Food Preservation: Jam

We’ve used blackberries for this post but the process is the same whether it’s blackberries, strawberries, raspberries, or many others. It’s basically the recipe that we made, with and some additional information thrown in ūüôā



  • 2 1/2 lb (1 1/4 kg) of berries
  • 1 1/2 cups of sugar
  • 1 lemon or lime


Note: If you want to keep the seeds in your jam you can skip step 3 and the mashing part of step 2.

  1. Combine the sugar and berries (if you have time, leave them to macerate overnight)
  2. Soften the berries over a low/medium heat (you can use a potato masher to start getting the juice out as much as possible).
  3. Pass the berries through a sieve, pushing through as much of the pulp as possible.
    Meanwhile: put a large pot of water on to boil (big enough to submerge your jars in).
  4. Add the juice of a lime or half a lemon
  5. Cook the resulting liquid, slowly bringing it up to bubbling point.
    Meanwhile: place your jars in the large pot of water on to boil.
  6. When your liquid/pulp has thickened begin testing (see below)
  7. Once desired consistency has been reached, remove from heat.
    Meanwhile: remove jars from boiling water.
  8. Immediately pour your hot jam into your hot jars.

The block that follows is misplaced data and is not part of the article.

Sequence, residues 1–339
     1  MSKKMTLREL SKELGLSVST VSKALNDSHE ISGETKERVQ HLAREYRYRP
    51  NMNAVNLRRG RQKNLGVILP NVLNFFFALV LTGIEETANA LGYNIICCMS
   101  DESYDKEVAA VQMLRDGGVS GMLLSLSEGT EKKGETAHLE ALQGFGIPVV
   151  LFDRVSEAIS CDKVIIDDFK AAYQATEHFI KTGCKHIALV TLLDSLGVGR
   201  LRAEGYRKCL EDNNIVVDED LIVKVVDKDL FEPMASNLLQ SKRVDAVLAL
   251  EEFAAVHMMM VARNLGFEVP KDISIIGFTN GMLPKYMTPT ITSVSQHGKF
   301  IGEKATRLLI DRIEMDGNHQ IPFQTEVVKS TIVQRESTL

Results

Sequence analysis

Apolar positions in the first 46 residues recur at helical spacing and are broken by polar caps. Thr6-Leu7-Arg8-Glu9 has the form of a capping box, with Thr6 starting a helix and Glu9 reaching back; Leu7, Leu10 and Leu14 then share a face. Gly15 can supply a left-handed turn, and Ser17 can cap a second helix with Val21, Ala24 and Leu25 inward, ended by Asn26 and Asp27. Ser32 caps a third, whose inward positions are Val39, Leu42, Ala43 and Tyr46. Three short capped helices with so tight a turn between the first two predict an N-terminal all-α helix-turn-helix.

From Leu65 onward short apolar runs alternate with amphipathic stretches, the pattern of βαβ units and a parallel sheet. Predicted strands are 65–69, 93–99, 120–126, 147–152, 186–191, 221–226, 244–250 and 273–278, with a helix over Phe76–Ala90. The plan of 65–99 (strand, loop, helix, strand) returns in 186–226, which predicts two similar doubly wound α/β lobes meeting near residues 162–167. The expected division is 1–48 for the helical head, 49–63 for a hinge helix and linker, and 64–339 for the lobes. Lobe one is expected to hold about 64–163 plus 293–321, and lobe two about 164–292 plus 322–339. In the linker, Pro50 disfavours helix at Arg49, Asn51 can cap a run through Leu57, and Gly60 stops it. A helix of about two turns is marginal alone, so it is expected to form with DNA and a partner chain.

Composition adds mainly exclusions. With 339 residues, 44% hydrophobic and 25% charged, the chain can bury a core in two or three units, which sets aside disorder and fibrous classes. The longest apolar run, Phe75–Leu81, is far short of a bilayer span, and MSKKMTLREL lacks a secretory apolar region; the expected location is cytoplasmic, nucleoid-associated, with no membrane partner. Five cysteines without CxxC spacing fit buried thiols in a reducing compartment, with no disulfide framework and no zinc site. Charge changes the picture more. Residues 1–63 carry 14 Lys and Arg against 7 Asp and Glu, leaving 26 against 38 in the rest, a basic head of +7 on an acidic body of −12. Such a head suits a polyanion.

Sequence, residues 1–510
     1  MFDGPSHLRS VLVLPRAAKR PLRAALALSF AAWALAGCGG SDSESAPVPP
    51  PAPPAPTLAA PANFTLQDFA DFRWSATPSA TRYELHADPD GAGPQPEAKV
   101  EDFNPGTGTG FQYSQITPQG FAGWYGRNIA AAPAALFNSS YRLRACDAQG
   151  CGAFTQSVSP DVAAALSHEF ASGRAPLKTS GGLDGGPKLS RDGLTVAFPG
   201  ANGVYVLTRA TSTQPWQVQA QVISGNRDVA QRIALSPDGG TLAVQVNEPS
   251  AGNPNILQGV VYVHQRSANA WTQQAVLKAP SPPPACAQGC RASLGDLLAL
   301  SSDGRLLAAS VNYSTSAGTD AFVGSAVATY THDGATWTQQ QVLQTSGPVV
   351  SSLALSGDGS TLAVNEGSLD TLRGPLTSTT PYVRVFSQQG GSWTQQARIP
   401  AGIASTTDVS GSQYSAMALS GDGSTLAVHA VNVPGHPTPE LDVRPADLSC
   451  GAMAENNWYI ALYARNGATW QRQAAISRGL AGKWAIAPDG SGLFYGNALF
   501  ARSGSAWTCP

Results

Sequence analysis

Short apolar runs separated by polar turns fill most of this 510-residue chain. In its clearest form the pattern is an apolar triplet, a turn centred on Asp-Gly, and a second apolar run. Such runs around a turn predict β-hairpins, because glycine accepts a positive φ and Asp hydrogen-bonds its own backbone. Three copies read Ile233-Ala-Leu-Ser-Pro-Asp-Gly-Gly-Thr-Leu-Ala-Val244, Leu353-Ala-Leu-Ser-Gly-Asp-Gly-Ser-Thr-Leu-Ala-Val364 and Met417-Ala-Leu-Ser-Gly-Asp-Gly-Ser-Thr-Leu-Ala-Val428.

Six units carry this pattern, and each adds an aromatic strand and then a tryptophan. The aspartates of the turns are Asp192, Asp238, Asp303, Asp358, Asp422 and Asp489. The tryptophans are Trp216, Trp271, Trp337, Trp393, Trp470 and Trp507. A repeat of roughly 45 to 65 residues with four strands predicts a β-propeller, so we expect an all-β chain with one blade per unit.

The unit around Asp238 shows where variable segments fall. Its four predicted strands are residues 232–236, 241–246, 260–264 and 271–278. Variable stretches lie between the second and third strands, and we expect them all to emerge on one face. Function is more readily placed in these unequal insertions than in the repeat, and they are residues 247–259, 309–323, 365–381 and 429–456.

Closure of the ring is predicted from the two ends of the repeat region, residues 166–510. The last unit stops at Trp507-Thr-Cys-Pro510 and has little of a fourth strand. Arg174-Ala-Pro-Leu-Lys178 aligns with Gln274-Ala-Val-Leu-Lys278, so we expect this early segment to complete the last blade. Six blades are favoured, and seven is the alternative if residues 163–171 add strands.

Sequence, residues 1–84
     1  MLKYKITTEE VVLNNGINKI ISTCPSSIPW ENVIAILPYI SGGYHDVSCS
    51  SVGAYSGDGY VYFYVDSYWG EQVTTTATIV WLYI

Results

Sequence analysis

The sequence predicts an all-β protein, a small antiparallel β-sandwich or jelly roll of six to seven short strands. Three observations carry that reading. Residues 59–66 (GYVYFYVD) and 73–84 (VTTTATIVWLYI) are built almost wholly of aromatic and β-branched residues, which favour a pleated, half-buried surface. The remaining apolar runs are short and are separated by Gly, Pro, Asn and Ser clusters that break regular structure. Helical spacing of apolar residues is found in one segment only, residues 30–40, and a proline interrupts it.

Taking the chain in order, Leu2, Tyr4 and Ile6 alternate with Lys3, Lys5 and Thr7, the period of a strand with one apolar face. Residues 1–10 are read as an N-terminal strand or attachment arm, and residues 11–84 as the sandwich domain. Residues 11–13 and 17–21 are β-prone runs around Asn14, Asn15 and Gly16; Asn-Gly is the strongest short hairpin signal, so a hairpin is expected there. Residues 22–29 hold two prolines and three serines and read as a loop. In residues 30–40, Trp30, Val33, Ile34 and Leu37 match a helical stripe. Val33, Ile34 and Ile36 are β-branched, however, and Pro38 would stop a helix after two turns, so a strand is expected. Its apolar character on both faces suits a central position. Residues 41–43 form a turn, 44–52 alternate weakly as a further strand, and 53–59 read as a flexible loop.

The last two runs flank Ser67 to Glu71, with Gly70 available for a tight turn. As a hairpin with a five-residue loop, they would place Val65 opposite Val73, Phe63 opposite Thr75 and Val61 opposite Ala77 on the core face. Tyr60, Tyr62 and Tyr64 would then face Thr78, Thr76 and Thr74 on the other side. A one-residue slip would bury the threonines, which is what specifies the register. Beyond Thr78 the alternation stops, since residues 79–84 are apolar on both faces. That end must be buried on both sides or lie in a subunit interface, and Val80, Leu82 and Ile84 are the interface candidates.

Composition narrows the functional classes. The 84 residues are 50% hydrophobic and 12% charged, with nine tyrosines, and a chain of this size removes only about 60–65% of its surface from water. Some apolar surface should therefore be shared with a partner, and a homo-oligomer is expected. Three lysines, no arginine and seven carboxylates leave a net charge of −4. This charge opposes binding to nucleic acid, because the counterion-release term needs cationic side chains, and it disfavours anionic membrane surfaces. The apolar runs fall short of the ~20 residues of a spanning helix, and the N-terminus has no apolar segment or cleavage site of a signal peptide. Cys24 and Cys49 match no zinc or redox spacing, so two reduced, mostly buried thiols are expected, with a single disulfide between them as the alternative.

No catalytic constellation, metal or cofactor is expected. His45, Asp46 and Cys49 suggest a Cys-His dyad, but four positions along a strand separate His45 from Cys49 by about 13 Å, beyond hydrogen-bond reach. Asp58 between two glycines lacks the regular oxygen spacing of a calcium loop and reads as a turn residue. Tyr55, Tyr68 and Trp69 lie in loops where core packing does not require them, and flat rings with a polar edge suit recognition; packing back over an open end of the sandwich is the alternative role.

9. Water process if required (see below).

Testing for consistency


Very simple: put a couple of saucers in the freezer while you’re cooking your jam/chutney. When you suspect your product may be ready drop a small amount on a cold saucer. Allow to cool for a minute, then tip the saucer to see if it runs, and pull your finger through the middle to see if the path remains clear or if the contents refill the gap. If your product is not setting well yet, return the saucer to the freezer and repeat at intervals till the desired consistency is reached.

Water bath processing (canning)


This is done as soon as the jam is in the jar, while it’s still hot, in order to ‘can’ the product. Essentially, you fill your hot sterilised jars with a hot product, seal, and boil¬†the filled jars for the required time (according to the recipe you’re following). The hot product is pasteurised¬†during cooking to avoid botulism and as the jars cool a vacuum seal is created which avoids oxidation. This results in a product that can be stored at room temperature rather than in the fridge, and it will last much longer. Water bath processing is not necessary if you’re putting your product straight in the fridge for immediate use.


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